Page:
“[T]he purpose of enacting this section was to eliminate severe financial consequences to an employee resulting from inconsistent decisions between an employer and the retirement board concerning the employee's ability to perform his duties. Prior to the enactment of the statute, a local government employer could release an employee on the grounds of physical incapacity, and the retirement board could then deny the employee a pension on the ground that he was not disabled․” (Leili v. County of Los Angeles (1983) 148 Cal.App.3d 985, 988, 196 Cal.Rptr. 427.)
Phillips v. County of Fresno (1990) 225 Cal.App.3d 1240, 277 Cal.Rptr. 531, involved a deputy sheriff who suffered from physical and mental problems. He had killed a man in a shootout and suffered post traumatic stress disorder. He injured his neck during a training exercise. He was hit by a car and required knee surgery. All in all, he was in pretty bad shape. The retirement board, however, concluded he was just fine and had exaggerated his injuries. The Sheriff admitted to being astounded at the board's decision and told Phillips “his injuries created too many liabilities to allow him to return to active duty and a doctor's release would be a necessary precondition to his reinstatement.” (Id. at p. 1245, 277 Cal.Rptr. 531.) Phillips opined his doctors would not release him.
The trial court granted Phillips' writ petition and the appellate court affirmed, stating: “The employer cannot deny disability retirement on the basis of there being no disability and then claim disability in order to deny employment income. If the employer and Retirement Board do not agree that the employee is entitled to disability retirement, the employer's recourse is to seek judicial review of the Retirement Board's decision. If review is not pursued, the employee must be reinstated. Section 31725 recognizes no middle ground.” (Phillips v. County of Fresno, supra, 225 Cal.App.3d at p. 1258, 277 Cal.Rptr. 531.)
Respondent County of Los Angeles here points out that the Marshal filed a petition for a writ of mandate, which has never been acted on. Thus, it argues, one of the section 31725 requirements for granting Raygoza relief is missing. And, the county argues, the petition has lain dormant for all these years because of the open extension granted Raygoza and his failure to respond to the petition.
The only interpretation we can put on the record supplied us on appeal is that the stipulation to join the Marshal's February 1989 petition with Raygoza's rejected 1991 petition, effected a denial of the 1989 petition. Even though the stipulation was filed after judgment was entered on the 1991 petition, the consolidation was discussed and agreed to at both the hearing on the 1991 petition and the hearing on the reconsideration motion. In fact, respondent's counsel stated during the reconsideration motion that “we agreed that this—that the earlier  case, for all intents and purposes, was the same case as this  case.”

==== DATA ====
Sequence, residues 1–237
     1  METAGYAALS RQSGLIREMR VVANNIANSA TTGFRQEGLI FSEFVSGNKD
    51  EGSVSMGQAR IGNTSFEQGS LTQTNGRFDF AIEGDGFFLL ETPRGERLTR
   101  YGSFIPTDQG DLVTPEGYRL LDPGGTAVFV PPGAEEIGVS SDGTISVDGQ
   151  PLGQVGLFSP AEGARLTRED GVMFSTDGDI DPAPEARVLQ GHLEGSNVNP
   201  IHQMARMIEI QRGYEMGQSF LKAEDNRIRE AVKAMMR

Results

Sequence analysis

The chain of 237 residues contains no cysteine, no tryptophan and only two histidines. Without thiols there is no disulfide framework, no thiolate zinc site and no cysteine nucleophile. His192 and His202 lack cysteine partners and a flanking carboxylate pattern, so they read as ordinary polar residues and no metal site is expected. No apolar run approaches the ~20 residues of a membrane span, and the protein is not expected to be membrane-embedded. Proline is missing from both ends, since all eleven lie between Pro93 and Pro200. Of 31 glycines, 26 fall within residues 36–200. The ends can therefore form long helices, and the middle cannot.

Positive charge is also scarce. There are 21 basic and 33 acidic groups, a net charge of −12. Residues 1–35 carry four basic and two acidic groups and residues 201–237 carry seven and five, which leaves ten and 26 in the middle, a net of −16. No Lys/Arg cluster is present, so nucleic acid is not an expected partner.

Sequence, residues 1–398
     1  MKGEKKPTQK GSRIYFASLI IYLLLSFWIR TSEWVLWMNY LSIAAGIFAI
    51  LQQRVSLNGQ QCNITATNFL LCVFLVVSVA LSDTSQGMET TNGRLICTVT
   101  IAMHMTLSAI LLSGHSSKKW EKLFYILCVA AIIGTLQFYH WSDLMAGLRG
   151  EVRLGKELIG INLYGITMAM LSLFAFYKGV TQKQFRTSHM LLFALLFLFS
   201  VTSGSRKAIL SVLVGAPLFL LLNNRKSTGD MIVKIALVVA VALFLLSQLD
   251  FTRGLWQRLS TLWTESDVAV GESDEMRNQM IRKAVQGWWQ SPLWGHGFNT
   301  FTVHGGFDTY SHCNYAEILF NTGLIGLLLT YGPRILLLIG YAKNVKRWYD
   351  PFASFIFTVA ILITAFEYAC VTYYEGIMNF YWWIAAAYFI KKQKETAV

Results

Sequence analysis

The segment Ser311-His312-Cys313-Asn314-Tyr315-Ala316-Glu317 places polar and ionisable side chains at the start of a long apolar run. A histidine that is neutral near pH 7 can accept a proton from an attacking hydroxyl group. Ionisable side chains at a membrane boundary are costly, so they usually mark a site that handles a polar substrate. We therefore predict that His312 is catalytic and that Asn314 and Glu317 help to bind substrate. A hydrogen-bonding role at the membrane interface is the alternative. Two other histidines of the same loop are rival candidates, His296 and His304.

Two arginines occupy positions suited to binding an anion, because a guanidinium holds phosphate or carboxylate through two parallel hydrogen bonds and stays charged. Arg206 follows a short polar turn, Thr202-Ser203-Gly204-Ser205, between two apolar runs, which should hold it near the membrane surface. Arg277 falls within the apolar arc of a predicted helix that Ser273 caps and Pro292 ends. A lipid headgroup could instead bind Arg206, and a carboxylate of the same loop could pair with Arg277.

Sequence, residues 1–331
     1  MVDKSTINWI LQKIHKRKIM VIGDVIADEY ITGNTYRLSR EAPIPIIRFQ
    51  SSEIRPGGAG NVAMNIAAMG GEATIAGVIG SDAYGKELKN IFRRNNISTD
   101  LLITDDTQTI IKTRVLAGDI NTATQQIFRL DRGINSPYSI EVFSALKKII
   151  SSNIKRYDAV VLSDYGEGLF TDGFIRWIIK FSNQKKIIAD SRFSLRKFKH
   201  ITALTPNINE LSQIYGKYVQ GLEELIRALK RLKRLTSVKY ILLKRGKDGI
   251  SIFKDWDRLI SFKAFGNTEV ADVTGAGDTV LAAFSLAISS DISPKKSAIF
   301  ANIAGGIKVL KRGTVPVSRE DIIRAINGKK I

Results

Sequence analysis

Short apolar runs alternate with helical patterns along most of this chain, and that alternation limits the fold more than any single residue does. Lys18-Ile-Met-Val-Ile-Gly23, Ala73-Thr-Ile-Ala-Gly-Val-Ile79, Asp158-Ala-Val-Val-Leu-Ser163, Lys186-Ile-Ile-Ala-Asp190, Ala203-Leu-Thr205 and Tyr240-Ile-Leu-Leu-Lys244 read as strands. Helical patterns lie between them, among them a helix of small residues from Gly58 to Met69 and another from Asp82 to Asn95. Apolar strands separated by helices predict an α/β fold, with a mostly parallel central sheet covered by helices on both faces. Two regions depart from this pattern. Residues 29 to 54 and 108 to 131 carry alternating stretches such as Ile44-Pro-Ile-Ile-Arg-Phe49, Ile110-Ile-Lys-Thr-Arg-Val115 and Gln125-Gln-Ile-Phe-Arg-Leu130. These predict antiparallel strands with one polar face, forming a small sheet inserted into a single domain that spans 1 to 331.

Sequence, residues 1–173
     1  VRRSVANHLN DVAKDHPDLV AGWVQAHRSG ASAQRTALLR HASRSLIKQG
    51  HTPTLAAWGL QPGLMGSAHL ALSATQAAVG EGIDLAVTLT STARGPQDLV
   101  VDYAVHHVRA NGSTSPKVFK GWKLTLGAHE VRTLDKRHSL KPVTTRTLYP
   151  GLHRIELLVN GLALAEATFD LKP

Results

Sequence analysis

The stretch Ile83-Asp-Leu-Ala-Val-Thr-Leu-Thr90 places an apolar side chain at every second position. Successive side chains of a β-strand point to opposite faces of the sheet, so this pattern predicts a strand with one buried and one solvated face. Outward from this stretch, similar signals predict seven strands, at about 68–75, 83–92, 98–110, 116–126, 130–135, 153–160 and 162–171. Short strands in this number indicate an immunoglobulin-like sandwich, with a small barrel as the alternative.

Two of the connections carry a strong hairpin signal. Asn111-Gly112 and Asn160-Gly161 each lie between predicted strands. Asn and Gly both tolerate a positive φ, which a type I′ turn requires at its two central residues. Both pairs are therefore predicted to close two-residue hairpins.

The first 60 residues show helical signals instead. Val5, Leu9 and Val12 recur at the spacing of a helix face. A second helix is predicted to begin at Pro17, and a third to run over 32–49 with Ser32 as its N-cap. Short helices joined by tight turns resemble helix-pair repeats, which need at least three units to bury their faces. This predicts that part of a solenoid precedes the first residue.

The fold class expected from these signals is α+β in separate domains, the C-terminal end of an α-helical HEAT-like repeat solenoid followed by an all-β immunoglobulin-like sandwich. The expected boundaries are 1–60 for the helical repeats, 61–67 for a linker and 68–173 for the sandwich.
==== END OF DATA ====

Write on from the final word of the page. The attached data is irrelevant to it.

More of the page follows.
The 1989 petition having been denied, the retirement board's decision has been upheld. Therefore, all the requirements of section 31725 were met and Raygoza must be reinstated.
We appreciate the dilemma in which the Marshal finds himself. But the statute is plain on its face and makes no exception for a situation where the employer claims to have no job available in light of a workers' compensation restriction. And we appreciate the county's argument that several cases which have required reinstatement did so where the department involved had limited duty positions. (See Craver v. City of Los Angeles (1974) 42 Cal.App.3d 76, 117 Cal.Rptr. 534; O'Toole v. Retirement Board (1983) 139 Cal.App.3d 600, 188 Cal.Rptr. 853; and Stuessel v. City of Glendale (1983) 141 Cal.App.3d 1047, 190 Cal.Rptr. 773.) But none of those cases involved the peculiar situation we have here where a disagreement between the retirement board and the Workers' Compensation Appeals Board would leave the employee completely out in the cold and render section 31725 meaningless.
Craver held merely that a policeman who can still perform some jobs within the department is not entitled to a disability retirement pension. Section 31725 was not mentioned in the opinion.